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Sault eyes Oshawa workers to fill job vacancies

Recruitment efforts underway
The City of Sault Ste. Marie is proposing to bring workers from the Oshawa General Motors assembly plant – who are expected to be out of work by year's end – north to the city to fill vacant skilled positions. (File photo)

With too many Sault Ste. Marie companies unable to find skilled workers to meet demand, the city has set its sights on Oshawa’s autoworkers – who could be out of work by year’s end – as potential recruits.

During an early January budget meeting, the city revealed it had started a conversation with management at General Motors (GM) about initiating recruitment efforts.

“We’ve been working for a while doing community outreach and talking to the leading employers in town, and a consistent theme was that they were having trouble finding skilled labour,” said Tom Vair, the city’s deputy CAO of community development and enterprise services.

“When we heard about the closure at GM, we thought, there’s an opportunity there perhaps to attract some of those folks to Sault Ste. Marie.”

News broke in November that GM would permanently close four of its North American facilities by the end of 2019, including its Oshawa assembly plant, which employs 2,500 workers.

The car manufacturer cited a shift to developing electric cars as the reason for the decision, which is expected to save GM $6 billion by 2020.

Details are still being worked out, but Vair said the city envisions travelling to Oshawa to host a job fair-type event where GM workers could learn more about the Sault and the high quality of life it has to offer, including natural beauty, short commute times, affordable housing, and more.

The city will embark on a similar quest this April when it travels to the GTA to host a job fair there.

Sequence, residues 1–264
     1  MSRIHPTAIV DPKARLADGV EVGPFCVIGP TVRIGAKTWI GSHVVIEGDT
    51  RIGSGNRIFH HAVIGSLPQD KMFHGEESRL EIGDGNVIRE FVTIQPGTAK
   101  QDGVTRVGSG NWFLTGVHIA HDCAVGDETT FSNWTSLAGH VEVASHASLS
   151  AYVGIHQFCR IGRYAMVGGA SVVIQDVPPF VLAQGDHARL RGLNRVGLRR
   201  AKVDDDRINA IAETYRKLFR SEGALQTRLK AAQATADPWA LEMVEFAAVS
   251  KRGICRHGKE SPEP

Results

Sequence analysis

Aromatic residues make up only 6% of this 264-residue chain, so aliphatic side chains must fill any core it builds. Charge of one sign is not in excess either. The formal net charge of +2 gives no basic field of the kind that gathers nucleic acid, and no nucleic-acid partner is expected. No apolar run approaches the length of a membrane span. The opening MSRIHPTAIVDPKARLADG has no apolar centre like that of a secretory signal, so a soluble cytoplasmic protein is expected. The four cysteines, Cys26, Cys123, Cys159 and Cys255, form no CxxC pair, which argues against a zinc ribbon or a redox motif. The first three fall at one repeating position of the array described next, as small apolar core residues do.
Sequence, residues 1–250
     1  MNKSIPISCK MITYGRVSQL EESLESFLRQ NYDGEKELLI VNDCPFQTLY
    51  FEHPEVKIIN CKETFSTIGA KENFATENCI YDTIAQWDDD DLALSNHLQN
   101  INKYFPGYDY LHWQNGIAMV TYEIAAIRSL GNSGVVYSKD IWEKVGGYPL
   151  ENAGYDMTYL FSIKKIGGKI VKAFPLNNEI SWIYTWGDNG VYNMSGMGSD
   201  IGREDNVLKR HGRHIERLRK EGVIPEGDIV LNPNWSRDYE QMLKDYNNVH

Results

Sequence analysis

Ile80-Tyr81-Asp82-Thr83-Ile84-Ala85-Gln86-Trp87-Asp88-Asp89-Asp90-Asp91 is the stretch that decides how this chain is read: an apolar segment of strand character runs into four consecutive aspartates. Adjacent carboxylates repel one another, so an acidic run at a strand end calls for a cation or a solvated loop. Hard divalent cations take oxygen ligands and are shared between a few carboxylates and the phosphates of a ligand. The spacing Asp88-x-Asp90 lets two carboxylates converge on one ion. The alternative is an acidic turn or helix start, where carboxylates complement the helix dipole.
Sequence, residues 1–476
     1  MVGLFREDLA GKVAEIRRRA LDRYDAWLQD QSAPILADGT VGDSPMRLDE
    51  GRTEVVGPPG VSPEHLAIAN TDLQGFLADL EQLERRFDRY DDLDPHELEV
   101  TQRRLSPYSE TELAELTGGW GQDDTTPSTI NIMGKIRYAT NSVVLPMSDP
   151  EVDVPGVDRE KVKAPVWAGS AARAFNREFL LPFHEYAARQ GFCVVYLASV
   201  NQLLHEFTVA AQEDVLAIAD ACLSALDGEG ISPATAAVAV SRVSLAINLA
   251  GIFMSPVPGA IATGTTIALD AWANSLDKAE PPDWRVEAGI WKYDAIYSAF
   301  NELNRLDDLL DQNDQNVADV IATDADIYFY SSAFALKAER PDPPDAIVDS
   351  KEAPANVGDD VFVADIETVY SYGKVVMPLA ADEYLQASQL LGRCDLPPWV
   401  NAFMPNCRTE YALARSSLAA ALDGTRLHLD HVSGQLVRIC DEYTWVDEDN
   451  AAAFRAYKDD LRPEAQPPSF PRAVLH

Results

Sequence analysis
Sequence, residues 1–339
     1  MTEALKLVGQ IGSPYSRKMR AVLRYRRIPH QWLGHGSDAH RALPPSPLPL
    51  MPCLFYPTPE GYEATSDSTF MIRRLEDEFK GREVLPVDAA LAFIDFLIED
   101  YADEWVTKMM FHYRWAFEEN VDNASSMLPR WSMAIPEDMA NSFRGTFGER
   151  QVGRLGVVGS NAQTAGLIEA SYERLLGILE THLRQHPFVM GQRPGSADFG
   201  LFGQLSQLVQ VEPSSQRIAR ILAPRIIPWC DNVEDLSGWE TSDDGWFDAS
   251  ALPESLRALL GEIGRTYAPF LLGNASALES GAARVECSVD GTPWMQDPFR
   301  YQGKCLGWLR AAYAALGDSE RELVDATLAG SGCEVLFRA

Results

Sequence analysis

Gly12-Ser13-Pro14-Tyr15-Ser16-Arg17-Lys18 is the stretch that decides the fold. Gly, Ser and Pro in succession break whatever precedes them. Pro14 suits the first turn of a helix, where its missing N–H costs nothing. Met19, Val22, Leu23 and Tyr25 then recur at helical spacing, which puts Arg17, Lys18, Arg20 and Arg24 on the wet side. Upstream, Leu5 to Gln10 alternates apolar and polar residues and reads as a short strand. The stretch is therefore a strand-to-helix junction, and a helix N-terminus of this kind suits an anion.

“(GM) will be arranging a time for us in the future to go down where we can present these opportunities to their workers, and we’ll have a chance to let them know about Sault Ste. Marie and the jobs here, and hopefully convince some of them to come back,” Vair said.

If this sounds at all familiar, it’s because at least one other community in the North has twigged to the idea.

In February, after the Sault made its intentions public, North Bay Coun. Mike Anthony proposed making a pitch to attract GM workers north to that city. Plans are very much in the early stages, and Anthony was continuing to gather support from key community stakeholders.

Working to bring GM workers north is just one part of FutureSSM, the Sault’s multi-pronged community development plan, the goal of which is to make the city a better place to live and work by improving its cultural vitality, economic development and diversity, environmental sustainability, and social equity.

Following one of the recommendations of the plan, the city hired a labour force development co-ordinator who is now leading a number of initiatives to try and “help fill the talent pipeline,” Vair said.

“We are working with our colleges and universities to make sure we’ve got the training programs in place for locals, we’re reaching out to people who’ve left Sault Ste. Marie through our Sault Network website, and then we were doing outreach to look at bringing newcomers to Sault Ste. Marie from elsewhere in the province,” Vair said.

He estimates roughly 15 to 20 organizations in the community are actively looking for new workers to meet their employment needs. They extend from large industrial manufacturers to smaller community organizations.

Algoma Steel, the city’s largest employer, is on track to hire about 250 people a year, for the next four years, just to meet gaps being created by retiring workers, growth and planned new projects, he noted. But there are also small IT firms in town seeking programmers to bolster their ranks.

“It’s quite a range of different skills sets and different sizes of companies,” Vair said.

Feedback from local companies about the city’s efforts so far has been encouraging, and Vair said industry representatives would likely accompany the city delegation to Oshawa to pitch their case directly to workers once a date has been set for the job fair.

“At the end of the day, they’re all looking to advance their businesses, and having the right people in place and the skilled labour to grow or maintain their businesses is really critical, so they’ve been appreciative of any of the efforts to help them find and locate that talent,” he said.